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If this is not a one-time event, it could become “much more of a strategic problem,” he added.

Asked about shifting his supply chain outside China, Riegel said many companies have done that or are starting to do that anyway due to the recent trade war. But that can go only so far, he added.

“For the industry we are in, there are a lot of things you can’t do competitively outside of China,” he said.

He does expect Chinese authorities to improve the business environment there.

Auto glass producer Fuyao Group is based in China. Leaders of Fuyao Glass America in Moraine say they are monitoring the situation. On Tuesday, the company said none of its employees have been directly affected, as none have traveled to Wuhan, China recently.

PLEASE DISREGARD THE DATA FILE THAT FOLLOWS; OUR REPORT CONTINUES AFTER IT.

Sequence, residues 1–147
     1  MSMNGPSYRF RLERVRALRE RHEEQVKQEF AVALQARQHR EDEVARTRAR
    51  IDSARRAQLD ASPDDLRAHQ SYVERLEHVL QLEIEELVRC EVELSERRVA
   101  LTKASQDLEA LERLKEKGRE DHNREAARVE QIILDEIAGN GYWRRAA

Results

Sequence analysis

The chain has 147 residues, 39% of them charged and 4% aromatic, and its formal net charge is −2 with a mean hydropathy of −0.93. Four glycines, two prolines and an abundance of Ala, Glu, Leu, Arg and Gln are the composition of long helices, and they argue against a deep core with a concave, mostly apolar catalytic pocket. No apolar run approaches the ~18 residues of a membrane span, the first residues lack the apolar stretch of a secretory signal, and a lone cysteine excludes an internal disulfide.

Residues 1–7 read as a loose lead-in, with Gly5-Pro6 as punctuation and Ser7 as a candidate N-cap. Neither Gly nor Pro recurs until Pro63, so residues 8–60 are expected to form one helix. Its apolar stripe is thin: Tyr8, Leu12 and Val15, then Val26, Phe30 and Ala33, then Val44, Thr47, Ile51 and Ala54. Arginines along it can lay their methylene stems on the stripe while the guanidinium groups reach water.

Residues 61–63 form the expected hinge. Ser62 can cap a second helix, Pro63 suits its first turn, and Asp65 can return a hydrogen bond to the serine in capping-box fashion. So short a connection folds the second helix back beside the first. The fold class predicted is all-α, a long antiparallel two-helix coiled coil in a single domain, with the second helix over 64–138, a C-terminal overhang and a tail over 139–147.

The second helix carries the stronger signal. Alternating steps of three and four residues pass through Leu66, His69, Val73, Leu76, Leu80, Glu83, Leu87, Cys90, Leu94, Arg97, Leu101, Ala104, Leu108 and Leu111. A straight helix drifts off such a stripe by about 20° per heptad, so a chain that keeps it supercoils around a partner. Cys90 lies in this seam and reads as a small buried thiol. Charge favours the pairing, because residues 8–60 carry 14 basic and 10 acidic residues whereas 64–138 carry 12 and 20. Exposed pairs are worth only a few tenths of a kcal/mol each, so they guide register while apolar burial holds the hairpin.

The company has about 2,300 workers in Moraine. Globally, Fuyao Glass has more than 25,000 employees.

Last week, Caterpillar said most of its Chinese suppliers have returned to work.

Huffy has much if not nearly all of its bicycle manufacturing anchored in China. Spokespeople for Huffy, which is based in Miami Twp., did not respond to a message seeking comment in time for publication.

Apple has acknowledged that its supply of iPhones will be limited because production was ramping up more slowly than expected.

“Work is starting to resume around the country, but we are experiencing a slower return to normal conditions than we had anticipated,” the New York Times quoted Apple as saying.

China’s National Health Commission reported 1,886 new confirmed coronavirus cases in mainland China Monday, the first time the daily tally has fallen below 2,000 since the beginning of the month, the Wall Street Journal reported.